One group of Devon locals is enjoying the cold weather – the penguins at Living Coasts.
Torquay’s coastal zoo is home to over 100 penguins. So how do they keep warm? The advice is – lots of layers, huddle together – and get yourself a penguin circulatory system.
Living Coasts director Elaine Hayes said: “African penguins live on the southern tip of the continent, but are used to cold ocean currents. Macaroni penguins come from the southern tip of South America, the Antarctic peninsula and the islands of the sub-Arctic, so they have to weather severe cold.
“Penguins have lots of adaptations to help keep them warm – they have very densely-layered feathers and fat reserves for insulation. Their circulatory system works like a heat-exchanger to retain or shed heat through their blood supply. The black feathers on their backs help absorb any available warmth from the sun.
“They can also do things like tuck their flippers in and huddle together for warmth. In fact, penguins are so good at retaining heat that they have to have good ways of cooling down, too – standing in the shade, panting like dogs, ruffling their feathers. African penguins have bare patches on their legs and faces to lose excess heat.”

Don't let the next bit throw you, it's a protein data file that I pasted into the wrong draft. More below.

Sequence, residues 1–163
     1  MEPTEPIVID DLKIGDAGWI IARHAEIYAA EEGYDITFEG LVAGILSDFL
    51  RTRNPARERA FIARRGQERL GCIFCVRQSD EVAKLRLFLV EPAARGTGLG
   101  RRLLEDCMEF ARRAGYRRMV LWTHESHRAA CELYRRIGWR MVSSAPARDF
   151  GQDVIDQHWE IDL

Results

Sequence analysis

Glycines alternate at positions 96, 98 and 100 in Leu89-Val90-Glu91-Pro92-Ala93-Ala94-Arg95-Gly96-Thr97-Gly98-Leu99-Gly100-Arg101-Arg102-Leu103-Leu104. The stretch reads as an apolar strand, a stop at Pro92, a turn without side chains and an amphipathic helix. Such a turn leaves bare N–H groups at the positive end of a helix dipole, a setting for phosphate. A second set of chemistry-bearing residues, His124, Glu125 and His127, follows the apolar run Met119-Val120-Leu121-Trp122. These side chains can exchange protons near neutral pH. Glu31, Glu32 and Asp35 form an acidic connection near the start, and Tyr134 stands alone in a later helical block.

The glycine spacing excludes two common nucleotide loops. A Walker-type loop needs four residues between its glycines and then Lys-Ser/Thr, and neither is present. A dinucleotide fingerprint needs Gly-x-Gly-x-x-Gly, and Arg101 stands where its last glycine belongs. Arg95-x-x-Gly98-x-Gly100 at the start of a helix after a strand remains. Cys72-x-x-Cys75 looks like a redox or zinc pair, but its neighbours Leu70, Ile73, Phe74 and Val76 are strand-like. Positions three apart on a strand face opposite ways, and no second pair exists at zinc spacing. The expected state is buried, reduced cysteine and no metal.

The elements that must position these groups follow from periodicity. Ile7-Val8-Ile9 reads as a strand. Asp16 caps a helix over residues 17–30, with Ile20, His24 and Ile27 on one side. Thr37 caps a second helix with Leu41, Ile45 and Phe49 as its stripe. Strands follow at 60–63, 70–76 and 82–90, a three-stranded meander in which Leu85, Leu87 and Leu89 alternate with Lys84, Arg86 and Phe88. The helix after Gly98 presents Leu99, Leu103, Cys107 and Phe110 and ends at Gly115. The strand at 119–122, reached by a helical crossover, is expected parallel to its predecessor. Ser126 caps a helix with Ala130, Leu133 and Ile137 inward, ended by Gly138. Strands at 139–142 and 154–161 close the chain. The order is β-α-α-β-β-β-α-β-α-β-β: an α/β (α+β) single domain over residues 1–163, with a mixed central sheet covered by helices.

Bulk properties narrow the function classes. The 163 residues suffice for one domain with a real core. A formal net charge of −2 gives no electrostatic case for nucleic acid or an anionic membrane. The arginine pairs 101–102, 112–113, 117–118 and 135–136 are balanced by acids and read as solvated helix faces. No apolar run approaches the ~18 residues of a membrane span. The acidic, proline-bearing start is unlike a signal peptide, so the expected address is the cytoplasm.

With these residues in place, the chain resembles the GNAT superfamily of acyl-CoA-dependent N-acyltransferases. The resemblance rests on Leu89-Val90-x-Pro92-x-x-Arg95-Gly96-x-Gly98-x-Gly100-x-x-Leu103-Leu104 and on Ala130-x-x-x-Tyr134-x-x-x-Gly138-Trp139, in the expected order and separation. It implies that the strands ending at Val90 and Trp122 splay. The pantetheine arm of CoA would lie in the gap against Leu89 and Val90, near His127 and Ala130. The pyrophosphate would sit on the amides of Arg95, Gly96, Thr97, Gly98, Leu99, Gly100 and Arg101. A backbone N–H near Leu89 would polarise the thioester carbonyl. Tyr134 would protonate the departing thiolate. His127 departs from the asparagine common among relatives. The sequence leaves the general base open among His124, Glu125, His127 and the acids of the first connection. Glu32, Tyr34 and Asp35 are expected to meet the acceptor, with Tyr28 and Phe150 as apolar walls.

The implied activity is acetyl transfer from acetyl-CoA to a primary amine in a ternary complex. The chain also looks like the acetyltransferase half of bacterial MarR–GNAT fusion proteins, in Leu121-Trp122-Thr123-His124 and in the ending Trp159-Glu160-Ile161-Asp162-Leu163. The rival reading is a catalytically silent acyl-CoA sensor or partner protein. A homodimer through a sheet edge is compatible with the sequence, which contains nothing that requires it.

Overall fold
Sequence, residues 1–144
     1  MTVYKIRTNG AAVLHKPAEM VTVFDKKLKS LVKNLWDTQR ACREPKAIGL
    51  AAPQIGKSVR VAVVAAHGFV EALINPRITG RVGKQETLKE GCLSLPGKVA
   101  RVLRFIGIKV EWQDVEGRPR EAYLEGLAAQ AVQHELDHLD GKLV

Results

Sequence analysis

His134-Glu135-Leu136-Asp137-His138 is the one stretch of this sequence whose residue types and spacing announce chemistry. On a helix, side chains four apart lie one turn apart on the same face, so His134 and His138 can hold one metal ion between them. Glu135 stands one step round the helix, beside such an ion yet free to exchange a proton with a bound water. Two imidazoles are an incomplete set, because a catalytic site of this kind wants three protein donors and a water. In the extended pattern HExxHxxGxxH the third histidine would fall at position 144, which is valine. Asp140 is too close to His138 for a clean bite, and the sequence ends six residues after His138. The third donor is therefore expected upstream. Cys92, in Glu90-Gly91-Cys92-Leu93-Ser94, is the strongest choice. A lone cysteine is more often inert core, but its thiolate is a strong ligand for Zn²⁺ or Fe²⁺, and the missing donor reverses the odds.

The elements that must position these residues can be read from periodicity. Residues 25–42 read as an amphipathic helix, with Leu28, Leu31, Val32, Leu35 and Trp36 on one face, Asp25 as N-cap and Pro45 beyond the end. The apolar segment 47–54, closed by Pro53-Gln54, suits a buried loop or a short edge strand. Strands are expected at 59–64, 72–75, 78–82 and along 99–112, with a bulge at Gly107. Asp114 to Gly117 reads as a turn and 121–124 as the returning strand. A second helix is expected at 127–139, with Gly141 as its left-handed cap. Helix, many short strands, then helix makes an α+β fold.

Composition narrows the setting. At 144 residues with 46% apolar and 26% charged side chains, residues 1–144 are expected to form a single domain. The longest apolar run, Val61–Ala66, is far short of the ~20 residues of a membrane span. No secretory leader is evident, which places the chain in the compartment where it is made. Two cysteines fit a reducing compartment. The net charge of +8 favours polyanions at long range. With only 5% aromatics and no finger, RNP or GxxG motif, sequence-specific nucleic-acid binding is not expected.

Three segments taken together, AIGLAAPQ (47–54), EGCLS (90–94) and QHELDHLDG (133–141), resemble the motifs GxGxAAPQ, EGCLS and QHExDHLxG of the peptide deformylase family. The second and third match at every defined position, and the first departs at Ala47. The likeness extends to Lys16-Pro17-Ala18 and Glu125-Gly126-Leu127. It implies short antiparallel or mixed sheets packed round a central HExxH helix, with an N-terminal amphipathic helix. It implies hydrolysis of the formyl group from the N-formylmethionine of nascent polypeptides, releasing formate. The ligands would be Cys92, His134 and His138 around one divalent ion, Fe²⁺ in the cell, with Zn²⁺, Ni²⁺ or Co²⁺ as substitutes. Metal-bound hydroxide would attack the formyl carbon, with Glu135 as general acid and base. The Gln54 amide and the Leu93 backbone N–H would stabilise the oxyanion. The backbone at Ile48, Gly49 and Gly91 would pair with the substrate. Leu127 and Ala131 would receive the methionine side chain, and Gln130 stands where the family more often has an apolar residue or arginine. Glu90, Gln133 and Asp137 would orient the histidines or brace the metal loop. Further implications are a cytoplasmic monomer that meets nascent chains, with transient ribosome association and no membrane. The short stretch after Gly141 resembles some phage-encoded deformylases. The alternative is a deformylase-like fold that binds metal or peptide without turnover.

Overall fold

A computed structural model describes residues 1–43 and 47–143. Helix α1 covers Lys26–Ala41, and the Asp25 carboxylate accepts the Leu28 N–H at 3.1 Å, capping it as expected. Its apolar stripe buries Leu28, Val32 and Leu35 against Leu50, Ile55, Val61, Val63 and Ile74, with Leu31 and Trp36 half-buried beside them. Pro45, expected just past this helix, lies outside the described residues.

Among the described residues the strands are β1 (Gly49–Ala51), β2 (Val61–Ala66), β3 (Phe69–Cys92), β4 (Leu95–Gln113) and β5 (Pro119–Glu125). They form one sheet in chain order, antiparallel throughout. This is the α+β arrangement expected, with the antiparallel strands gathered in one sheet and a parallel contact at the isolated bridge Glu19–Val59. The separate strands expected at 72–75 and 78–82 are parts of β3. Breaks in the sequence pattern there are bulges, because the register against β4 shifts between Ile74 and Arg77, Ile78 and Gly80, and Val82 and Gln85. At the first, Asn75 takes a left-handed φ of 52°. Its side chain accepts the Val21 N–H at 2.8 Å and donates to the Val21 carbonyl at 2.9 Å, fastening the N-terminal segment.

Emperor penguins live in the most extreme weather conditions of any warm-blooded animal – they breed in temperatures of -22C and put up with 125 mile an hour winds that would freeze human flesh in seconds. Some penguins have special blood vessels known as shunts in their feet which can be opened and closed to control blood flow and reduce heat loss.
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